Hong Kong court jails protester over anti-China riots

A magistrates' court sentenced Chan Pak-yeung, 31, an active member and online radio presenter for the localist political party Civic Passion, to nine months in prison for resisting and assaulting police, the party said.

By: AFP | Hong Kong | Published:October 6, 2016 6:46 pm
Hong Kong, Anti-China Riots, Anti-China Riots in Hong Kong, protestor jailed inHong kOng, Hong Kong Protester jailed, Latest news, International news, Anti-China Sentiment, Latest news The court had heard that Chan Pak-yeung, hurled plastic water bottles at police and had kicked officers who tried to arrest him, news reports said.

A Hong Kong court jailed a protester on Thursday in the first sentence handed down over a riot that erupted in February and saw violent clashes in the city fuelled by anti-China sentiment.

The violence erupted after officials tried to clear illegal street hawkers from a busy commercial neighbourhood during Chinese new year, with police firing warning shots into the air.

Beijing officials blamed the clashes, which saw some 30 people arrested and charged with rioting, on “radical separatists”.

Some participants were from “localist” groups pushing for more freedom for the semi-autonomous city or even a split from Beijing.

A magistrates’ court sentenced Chan Pak-yeung, 31, an active member and online radio presenter for the localist political party Civic Passion, to nine months in prison for resisting and assaulting police, the party said.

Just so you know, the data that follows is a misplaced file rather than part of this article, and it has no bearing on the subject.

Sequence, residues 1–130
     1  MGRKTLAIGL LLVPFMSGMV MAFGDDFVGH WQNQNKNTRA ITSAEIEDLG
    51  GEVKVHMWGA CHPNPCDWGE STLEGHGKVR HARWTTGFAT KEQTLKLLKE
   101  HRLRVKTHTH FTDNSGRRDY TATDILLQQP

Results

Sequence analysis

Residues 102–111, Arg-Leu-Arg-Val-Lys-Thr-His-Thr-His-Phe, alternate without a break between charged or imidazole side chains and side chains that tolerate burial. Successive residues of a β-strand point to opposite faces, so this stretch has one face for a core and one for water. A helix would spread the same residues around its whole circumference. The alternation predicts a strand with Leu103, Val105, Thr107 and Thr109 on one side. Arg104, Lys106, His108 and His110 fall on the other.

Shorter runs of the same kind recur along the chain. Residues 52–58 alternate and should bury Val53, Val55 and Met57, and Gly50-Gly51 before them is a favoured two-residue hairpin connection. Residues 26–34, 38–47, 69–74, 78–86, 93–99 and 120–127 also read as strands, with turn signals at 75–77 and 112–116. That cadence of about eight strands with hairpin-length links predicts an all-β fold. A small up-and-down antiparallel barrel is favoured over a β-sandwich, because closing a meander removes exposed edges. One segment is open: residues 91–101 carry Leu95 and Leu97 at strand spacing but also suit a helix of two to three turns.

The court had heard that Chan hurled plastic water bottles at police and had kicked officers who tried to arrest him, news reports said.

But Civic Passion questioned the evidence against Chan after the ruling.

“This must be political prosecution,” said the party’s vice chairman Alvin Cheng.

Cheng said he was worried that there would be more jail sentences over the riots.

Tensions are high in the city, which is ruled under a “one country, two systems” deal set up when it was handed back to China by Britain in 1997.

That agreement guarantees Hong Kong’s freedoms and way of life for 50 years, but there are growing concerns that Beijing is increasing its influence.

Hong Kong saw mass pro-democracy rallies calling for fully free elections erupt in 2014, but anger built up after authorities cleared protest sites and gave no concessions over political reform.

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